@Trickstar, Actually, you had 1 shocking game against SA, 1 poor game and one closely resembling not being poor, but you were still poor. please don't tell me that the wash out helped SA in any way as you'd have lost the series 3-0. In fact, at no point in time were SA threatened in any way and looked the more likely victor in each of the 3 tests. Whereas Australia looked the more likely victor in 2 out of our 3 and only a miracluous performance saved them. There's no way that 2 of the ENG/SA matches were "competitive" as you put it as there was only ever one team looking like winning - that's not competitive. Whereas in 2 of 3 matches Aus looked likely winners and had a shocker in the last to lose. As for the last 2 times we played Eng, in Oz we were awful and rightly got beaten. In 09 it's a statistical anomaly and it's hard to comprehend how we lost that. That's right, it rained for half a day in Cardiff to save you...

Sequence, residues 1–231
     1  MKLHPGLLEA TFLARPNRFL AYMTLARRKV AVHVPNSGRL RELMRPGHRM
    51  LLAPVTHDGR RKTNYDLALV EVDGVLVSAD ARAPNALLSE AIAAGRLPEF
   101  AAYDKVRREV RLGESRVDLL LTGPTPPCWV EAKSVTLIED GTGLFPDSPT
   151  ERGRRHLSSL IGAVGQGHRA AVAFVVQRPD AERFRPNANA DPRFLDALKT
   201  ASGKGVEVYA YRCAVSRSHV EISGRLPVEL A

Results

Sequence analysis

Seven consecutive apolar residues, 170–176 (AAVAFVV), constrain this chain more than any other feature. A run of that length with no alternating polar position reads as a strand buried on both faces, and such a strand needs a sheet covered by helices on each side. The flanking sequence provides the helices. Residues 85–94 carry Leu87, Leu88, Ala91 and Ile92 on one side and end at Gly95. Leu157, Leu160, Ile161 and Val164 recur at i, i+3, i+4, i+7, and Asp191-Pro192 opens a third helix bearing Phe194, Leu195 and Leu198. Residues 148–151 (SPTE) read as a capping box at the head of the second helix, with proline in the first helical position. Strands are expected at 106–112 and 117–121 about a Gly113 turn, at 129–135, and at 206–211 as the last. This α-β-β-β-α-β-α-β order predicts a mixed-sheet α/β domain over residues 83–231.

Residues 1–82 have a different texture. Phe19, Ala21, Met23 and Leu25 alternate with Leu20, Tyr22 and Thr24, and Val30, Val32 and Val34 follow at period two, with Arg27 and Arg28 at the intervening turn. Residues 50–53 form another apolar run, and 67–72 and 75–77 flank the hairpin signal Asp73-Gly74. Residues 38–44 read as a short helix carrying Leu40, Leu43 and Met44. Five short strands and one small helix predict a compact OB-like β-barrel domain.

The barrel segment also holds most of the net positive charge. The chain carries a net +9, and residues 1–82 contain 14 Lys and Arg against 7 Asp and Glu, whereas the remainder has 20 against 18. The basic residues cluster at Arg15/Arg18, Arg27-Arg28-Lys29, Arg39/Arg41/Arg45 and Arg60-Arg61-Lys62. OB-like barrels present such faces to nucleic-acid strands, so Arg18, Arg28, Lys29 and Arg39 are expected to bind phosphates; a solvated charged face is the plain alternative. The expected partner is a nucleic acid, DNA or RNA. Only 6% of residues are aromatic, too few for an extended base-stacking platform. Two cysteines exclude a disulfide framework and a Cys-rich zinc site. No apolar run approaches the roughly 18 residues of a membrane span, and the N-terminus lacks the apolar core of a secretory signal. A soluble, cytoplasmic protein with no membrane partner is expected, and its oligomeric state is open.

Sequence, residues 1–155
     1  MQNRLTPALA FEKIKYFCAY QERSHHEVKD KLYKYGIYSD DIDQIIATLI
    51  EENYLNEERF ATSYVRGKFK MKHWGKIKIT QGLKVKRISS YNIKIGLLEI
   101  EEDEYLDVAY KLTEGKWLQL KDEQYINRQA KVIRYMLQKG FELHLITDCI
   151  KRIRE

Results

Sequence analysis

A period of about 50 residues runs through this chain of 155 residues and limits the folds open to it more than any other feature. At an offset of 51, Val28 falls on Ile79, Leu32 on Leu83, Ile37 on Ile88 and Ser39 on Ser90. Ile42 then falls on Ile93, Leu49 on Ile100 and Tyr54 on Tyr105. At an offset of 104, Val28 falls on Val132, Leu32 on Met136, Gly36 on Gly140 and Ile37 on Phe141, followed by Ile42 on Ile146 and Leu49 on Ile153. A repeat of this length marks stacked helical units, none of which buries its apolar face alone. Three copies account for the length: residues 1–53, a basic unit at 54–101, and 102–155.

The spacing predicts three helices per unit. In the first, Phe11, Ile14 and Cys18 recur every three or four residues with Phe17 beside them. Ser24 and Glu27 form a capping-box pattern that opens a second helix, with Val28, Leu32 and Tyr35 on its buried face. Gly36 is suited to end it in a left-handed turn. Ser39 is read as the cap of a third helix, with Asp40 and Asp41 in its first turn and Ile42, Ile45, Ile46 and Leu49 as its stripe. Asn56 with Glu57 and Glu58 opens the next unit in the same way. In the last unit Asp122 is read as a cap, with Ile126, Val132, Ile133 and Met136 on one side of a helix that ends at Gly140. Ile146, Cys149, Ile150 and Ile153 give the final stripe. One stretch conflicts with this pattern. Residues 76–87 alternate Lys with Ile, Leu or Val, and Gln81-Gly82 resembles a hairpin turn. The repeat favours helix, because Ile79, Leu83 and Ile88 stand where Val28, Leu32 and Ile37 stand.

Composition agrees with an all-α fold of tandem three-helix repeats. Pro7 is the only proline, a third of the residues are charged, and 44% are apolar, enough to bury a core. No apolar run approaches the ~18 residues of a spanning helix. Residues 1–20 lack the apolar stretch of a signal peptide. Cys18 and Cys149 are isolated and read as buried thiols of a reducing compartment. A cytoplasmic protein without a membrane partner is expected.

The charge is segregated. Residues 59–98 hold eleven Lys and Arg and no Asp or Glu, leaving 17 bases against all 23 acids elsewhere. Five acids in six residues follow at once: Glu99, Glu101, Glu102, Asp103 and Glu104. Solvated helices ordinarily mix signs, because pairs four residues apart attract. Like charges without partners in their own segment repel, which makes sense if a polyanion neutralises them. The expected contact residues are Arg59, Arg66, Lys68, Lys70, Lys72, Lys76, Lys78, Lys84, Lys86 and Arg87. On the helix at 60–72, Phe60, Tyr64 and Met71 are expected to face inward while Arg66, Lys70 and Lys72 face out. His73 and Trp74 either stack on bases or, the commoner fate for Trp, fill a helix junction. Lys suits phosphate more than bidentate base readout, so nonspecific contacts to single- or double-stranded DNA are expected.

Posted by MSreenath on (May 30, 2013, 12:35 GMT)

I am sure it is going to be one sided Ashes. It is time for England to show there Dominance. Clarke, Watson are the only good prospects for Aussies. In bowling Jhonson, siddle, cusmmins, pattinson are good prospects. In Bowling not bad... But England have good attack in Batting and Bowling...

Posted by Broken_F-ing_Arm on (May 30, 2013, 12:22 GMT)

@Front-Foot-Lunge Did you even read the article. This is just Ponting talking rubbish about a hypothetical situation. Clarke hasn't sent an SOS message, Clarke has actually stated on many occasions that he doesn't think AUS need Ponting and Hussey. News flash buddy your precious Anderson and co aren't the world beater Australia were 5-10 yrs ago or the present day SA. Both nations in this series are miles behind the now cricketing powerhouse of SA. England will need to get their head out of the clouds before this series, or they'll get a nasty surprise come July. I can't wait.